Mother Faces Deportation for Having Barking Dogs

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UPDATED: Thanks to you and the tons of calls after watching our video, now the case on Ruth Montaño has been dropped and is officially closed. She will remain together with her children here at home! YOU made it happen. YOU have the power and decided to use it. THANK YOU.

Call Now: (202) 732-3000


Sample script:

"I am calling in support of Ruth Montaño, Case No. A205 763 399 and ask that her deportation case be dropped. She is a low priority deportation, she has no criminal record. She has 3 U.S. citizen children."

Once you are done calling you can tweet to have your friends call as well.


By Jennie Pasquarella, ACLU of Southern California and Axel Caballero, Cuéntame 

Where would you expect to find half-a-dozen patrol cars on New Year’s Eve?  In Bakersfield, California, ranked in the highest ten percent of the most violent cities in America, you’d hope they’d be responding to incidents of violence and preventing murder, rape, and other violent crime.  At the very least, you’d expect them to be patrolling for drunk drivers.

Not so.  At least not when it comes to prioritizing such matters as "barking dogs."  On December 31, 2012, the Kern County Sheriff’s Department deployed six police cars and numerous officers at the behest of a resident who called for help from, well, the sounds of two small barking dogs.  Her neighbor, Ruth Montaño, a Latina farm-worker, and her three American children owned the dogs.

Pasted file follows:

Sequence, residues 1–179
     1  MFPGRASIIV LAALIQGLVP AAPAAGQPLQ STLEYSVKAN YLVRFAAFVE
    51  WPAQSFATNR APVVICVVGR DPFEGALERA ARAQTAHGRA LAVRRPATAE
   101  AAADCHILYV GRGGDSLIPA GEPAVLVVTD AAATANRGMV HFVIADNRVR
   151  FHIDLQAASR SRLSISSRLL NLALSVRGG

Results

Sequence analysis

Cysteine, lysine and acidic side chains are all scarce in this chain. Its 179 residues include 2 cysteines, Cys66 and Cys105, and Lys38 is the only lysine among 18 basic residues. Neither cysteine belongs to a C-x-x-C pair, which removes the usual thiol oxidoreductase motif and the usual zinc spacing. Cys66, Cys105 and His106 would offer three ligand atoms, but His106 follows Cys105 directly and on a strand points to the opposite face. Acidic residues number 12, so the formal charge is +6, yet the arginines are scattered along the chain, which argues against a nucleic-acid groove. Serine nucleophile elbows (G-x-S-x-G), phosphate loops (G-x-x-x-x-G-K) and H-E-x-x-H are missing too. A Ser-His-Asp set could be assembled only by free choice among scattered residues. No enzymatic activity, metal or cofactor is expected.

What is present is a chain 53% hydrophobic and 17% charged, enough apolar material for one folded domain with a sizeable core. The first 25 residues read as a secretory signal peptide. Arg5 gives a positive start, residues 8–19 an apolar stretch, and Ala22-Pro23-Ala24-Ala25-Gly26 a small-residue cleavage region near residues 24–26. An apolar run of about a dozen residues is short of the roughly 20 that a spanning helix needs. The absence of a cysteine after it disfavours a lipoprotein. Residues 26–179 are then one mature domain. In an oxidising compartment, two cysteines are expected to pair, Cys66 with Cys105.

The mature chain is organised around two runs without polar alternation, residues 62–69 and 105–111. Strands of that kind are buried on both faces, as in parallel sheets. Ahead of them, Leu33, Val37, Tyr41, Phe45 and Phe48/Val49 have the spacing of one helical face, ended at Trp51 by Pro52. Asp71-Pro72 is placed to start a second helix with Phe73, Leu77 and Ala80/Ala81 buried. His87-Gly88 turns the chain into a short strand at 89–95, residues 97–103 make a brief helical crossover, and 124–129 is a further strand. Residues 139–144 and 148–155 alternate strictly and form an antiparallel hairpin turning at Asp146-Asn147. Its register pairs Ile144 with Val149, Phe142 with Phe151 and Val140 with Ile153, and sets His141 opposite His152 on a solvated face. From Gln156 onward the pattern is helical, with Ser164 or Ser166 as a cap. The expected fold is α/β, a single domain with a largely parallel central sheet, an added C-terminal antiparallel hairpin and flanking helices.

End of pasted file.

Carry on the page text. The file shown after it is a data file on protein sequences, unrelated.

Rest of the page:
As Ruth poignantly describes in her own words, when she and her children returned to their trailer around 10pm that night from the grocery store, officers approached her and began shouting and cursing at her.  They said they were responding to a neighbor’s complaint that her two small dogs were being noisy.  Her dogs, a Chihuahua and a Shih Tzu, were enclosed in a fenced-in area outside her trailer.  But when Ruth asked the officers what the dogs had done, they refused to answer.  When she offered to put the dogs inside, they ignored her.  

Instead, the officers questioned her about how long she had been in the United States and insulted her for not speaking English well.  They called her and her children garbage and threatened to arrest her.  When she pled with them to tell her why they were interrogating her, they again refused to say, growing even more hostile and agitated, and aggressively placing her under arrest.  As they walked her over to the patrol car, her children cried and pled for them not to take their mommy.  One officer violently bashed Ruth’s head into the side of the patrol car, before forcing her into the vehicle.  

The dogs, meanwhile, remained outside, untouched.  Barking.

The officers claim that they arrested Ruth for “having animals making excessive noise” and for resisting arrest. But, under Kern County law, “having animals making excessive noise” is neither an arrestable offense, nor is it within the authority of the Sheriff’s Department to investigate – rather it is an issue for Animal Control.